This year in the Caribbean, as well as on the American mainland, hurricanes have left millions of people in need of assistance. In Puerto Rico, 3.4 million people have been scrambling for basic necessities, including food and water. Barbuda was rendered uninhabitable and Dominica was hit hard for the second year in a row.
Floods in Bangladesh, India and Nepal have affected some 40 million people. Twenty countries have also declared drought emergencies in the past 18 months, with major displacement taking place across the Horn of Africa.
In light of such impacts, and the growing influence of climate change which is increasingly exacerbating them, one conclusion is clear: sustainable development and the achievement of the Sustainable Development Goals (SDGs) will remain elusive or significantly delayed so long as hazards are left unchecked.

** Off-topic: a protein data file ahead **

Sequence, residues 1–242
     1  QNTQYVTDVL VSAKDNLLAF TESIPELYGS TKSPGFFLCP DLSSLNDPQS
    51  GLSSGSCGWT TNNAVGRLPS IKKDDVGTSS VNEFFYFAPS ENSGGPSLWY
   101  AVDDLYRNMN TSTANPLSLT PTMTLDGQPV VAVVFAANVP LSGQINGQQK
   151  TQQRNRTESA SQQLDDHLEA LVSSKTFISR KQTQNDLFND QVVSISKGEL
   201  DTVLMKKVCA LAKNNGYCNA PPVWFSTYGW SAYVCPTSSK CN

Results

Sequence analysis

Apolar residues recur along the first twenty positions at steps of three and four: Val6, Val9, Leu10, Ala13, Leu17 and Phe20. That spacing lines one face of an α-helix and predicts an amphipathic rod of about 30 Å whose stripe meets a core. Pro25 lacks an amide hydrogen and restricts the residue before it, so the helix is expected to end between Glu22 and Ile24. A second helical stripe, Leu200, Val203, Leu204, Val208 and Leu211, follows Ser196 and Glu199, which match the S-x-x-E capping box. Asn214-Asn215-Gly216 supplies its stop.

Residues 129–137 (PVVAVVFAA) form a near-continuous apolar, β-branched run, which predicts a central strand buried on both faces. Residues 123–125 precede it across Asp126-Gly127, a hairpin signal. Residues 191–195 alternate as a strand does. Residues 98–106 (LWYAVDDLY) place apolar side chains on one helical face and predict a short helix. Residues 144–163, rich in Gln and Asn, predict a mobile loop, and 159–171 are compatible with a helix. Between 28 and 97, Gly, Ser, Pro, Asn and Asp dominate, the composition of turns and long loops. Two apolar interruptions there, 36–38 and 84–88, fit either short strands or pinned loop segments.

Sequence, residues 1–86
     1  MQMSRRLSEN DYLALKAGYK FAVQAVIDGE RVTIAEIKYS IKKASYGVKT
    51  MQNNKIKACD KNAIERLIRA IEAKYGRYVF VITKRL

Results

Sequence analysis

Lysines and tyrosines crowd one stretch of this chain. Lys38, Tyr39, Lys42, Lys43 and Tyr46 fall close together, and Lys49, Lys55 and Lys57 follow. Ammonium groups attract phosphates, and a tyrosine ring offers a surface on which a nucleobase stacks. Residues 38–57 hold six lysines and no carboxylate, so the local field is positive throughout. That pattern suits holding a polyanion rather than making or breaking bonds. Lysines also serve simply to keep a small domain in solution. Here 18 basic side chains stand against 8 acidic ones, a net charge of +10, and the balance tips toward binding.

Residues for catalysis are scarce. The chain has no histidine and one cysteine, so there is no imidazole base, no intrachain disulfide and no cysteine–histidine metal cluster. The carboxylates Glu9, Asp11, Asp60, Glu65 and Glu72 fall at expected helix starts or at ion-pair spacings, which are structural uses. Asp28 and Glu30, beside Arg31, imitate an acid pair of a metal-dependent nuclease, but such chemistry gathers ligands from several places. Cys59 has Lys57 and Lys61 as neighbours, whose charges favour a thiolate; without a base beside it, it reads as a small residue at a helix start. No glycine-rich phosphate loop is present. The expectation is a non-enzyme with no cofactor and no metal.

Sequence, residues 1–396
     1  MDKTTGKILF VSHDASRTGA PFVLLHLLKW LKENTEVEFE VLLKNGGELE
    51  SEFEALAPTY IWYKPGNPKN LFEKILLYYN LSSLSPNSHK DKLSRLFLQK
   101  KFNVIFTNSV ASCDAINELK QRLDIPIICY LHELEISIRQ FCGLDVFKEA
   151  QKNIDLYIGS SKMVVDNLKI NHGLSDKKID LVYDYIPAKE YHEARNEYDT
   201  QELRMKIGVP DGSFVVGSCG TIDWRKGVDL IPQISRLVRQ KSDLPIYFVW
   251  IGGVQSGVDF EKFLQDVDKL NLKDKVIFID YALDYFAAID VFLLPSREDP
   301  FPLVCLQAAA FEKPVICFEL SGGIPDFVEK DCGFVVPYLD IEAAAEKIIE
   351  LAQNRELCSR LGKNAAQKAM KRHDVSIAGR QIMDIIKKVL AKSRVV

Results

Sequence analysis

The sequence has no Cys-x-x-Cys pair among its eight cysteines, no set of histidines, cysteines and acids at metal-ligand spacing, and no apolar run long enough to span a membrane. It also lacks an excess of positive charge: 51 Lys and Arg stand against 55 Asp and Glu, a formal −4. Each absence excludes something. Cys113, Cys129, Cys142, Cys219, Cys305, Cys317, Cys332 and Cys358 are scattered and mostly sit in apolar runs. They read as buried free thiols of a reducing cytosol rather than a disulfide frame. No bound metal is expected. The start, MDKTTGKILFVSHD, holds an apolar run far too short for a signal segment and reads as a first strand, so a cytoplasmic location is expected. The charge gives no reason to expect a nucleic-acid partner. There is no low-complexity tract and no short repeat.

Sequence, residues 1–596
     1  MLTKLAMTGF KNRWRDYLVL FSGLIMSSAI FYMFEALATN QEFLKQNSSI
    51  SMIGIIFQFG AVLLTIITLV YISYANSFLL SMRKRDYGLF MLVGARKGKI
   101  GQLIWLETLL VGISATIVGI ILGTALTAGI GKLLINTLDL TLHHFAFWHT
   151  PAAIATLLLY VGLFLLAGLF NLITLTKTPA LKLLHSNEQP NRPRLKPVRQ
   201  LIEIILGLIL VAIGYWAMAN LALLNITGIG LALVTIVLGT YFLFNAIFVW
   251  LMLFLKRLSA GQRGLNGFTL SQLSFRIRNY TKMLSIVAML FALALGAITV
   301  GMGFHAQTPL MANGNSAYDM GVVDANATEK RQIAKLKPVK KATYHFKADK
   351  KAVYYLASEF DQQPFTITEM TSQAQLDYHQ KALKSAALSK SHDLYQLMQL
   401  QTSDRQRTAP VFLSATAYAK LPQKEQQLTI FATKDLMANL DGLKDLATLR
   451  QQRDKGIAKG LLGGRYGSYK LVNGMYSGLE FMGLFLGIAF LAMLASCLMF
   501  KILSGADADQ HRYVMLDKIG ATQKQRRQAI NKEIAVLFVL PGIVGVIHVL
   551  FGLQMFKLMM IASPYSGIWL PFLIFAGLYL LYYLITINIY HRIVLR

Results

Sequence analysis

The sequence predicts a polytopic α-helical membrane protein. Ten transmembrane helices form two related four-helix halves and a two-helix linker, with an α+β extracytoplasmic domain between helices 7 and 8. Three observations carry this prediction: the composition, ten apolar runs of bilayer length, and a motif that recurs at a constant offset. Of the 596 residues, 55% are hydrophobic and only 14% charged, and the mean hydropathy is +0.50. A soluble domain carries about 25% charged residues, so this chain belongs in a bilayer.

As outlined in the Sendai Framework for Disaster Risk Reduction, we need to shift from managing disasters to preventing disasters by better managing existing risks. This means tackling risk drivers such as poverty, rapid urbanization, weak governance, the decline of ecosystems, desertification and climate change. These are all driving up disaster risk around the world.
[Inter Press Service]